Nick Xenophon*, as he said he would, shot down FuelWatch in the Senate today. Good riddance.

Despite Labor’s claims to the contrary, it would in fact have likely caused average prices to rise, not fall, according to the ACCC and various other economist commentators. Yes, part of the justification was price stability, but apart from annoyance value, what was the problem with spot prices?

FuelWatch was effectively a price control. Price controls are, in general, a bad idea. They don’t work well at producing their desired outcome, and usually have hard-to-predict knock-on effects that negate some if not all of the purported gains.

Prices are too important for the smooth functioning of the economy to be stuffed around with. If anyone is concerned with some side-effect or another of market prices, the proper response is to address the side-effect directly, not to mandate a supposedly more beneficial price. That represses the signalling function of prices, meaning inefficiency and waste and malinvestment and imbalances that can correctly sharply and damagingly. Hands off, people.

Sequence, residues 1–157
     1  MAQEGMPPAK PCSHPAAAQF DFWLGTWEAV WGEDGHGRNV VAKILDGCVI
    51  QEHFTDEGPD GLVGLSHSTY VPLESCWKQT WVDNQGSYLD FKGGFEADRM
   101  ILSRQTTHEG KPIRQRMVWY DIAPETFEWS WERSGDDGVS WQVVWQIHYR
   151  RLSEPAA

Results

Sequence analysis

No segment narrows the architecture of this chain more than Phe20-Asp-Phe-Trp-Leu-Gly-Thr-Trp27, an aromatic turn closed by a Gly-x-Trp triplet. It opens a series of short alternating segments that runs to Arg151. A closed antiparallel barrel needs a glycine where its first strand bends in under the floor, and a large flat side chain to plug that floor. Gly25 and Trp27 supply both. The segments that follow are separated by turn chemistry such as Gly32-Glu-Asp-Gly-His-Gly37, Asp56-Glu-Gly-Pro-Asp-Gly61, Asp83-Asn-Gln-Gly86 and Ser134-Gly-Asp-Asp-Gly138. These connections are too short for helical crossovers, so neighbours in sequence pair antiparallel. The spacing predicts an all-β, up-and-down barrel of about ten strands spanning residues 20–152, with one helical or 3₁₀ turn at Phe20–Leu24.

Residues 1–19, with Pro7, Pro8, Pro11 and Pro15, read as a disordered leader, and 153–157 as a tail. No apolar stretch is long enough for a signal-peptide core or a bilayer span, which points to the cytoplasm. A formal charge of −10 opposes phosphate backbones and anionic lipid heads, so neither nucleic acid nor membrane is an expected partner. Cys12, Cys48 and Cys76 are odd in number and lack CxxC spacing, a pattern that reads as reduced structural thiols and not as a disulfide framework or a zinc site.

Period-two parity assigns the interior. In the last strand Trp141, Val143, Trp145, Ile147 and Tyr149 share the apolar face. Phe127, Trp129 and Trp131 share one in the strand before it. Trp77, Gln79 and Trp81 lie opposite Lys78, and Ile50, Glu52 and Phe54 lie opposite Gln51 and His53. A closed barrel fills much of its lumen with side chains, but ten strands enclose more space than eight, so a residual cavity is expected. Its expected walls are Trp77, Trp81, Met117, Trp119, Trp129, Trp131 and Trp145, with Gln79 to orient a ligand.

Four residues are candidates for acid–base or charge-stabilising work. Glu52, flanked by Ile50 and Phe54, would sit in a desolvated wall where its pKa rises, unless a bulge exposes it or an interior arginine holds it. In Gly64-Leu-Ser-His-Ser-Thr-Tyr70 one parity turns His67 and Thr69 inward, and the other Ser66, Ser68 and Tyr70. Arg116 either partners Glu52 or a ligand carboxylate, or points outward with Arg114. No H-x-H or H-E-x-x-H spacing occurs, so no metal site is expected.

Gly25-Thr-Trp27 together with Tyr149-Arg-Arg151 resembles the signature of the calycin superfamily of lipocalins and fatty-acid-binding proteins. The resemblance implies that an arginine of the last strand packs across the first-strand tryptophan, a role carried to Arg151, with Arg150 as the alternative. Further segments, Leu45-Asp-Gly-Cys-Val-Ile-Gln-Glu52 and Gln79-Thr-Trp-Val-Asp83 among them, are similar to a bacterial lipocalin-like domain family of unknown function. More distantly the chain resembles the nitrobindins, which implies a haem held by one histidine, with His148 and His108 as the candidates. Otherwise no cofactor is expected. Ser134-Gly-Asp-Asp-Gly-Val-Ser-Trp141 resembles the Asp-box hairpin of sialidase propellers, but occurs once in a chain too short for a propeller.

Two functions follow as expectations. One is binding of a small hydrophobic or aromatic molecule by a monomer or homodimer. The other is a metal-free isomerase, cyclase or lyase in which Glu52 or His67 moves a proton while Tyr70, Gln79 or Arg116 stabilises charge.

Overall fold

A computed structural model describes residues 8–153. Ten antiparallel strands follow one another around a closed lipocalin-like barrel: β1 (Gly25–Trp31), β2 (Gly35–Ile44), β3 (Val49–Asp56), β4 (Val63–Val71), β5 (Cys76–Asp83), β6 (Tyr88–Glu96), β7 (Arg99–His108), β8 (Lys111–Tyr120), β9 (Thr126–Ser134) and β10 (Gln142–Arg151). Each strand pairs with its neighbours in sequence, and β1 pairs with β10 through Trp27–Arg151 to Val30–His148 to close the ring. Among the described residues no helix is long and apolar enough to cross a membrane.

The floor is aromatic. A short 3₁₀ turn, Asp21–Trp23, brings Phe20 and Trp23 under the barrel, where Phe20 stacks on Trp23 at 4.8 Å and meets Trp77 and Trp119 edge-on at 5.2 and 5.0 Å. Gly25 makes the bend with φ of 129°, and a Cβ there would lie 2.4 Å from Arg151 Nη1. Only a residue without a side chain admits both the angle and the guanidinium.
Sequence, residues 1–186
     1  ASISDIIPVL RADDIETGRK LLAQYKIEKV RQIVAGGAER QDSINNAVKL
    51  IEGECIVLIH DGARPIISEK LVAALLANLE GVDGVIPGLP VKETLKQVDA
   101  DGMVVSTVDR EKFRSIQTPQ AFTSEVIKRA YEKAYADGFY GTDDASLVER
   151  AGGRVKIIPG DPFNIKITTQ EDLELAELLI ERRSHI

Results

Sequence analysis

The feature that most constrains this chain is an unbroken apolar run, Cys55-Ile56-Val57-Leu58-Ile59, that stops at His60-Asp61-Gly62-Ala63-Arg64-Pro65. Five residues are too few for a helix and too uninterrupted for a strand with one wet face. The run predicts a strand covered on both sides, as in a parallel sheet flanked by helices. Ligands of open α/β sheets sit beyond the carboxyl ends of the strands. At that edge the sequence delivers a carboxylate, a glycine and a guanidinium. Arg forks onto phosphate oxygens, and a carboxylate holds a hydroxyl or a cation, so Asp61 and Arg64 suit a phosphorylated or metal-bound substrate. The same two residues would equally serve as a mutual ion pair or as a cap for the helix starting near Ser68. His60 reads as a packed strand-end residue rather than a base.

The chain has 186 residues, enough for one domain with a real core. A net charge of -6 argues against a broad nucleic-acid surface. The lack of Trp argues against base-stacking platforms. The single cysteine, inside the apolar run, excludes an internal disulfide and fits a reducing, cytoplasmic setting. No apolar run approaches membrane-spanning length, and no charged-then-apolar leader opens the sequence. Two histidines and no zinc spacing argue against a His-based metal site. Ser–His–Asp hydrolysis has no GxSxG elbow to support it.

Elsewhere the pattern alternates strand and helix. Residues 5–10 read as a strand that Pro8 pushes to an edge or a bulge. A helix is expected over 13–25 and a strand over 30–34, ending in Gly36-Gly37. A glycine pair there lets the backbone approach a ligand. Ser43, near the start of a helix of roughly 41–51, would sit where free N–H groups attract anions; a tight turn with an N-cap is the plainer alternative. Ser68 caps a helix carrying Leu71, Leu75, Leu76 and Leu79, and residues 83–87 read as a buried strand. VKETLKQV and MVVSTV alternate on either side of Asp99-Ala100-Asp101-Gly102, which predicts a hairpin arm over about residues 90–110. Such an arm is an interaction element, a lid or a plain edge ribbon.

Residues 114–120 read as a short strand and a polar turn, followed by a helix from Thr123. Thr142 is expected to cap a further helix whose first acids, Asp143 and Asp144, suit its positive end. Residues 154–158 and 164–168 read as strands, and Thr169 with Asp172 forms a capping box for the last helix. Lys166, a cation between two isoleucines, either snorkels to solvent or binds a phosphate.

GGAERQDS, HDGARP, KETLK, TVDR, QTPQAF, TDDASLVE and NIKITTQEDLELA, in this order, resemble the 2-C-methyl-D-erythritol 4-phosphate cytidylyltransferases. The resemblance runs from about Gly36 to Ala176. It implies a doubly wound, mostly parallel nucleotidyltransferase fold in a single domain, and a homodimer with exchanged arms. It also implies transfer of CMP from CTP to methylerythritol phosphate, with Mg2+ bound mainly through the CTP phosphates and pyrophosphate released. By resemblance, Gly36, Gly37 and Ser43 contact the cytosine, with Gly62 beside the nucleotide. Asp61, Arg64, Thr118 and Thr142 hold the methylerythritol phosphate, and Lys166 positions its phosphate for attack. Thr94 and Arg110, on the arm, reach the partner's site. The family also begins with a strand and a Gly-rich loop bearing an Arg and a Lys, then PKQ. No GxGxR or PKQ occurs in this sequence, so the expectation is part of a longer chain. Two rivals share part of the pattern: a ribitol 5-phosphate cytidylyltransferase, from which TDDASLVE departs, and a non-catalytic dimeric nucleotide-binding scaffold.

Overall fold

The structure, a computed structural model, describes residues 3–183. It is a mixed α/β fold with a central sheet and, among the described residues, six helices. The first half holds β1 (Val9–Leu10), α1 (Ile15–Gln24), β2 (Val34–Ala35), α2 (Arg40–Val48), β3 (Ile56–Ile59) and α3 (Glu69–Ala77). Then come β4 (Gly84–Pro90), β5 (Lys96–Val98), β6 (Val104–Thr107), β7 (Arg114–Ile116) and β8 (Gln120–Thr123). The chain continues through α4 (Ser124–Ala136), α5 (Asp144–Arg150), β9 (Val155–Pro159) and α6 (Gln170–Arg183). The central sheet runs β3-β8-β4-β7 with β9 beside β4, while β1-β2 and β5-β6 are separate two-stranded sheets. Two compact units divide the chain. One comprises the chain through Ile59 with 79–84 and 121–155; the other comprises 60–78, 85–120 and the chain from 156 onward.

* Does that mean he’s called Nick the Stranger? Nick the Alien?

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2 Responses to FuelWatch

  1. DSlam says:

    But no regulation or control, or at least transparent monitoring, leads to the petrol companies continuing their profiteering.

  2. admin says:

    What profiteering? The inquiries into collusion and price-fixing have never found any.

    And regulation abounds, some of it warranted. I’m only worried about regulating prices.

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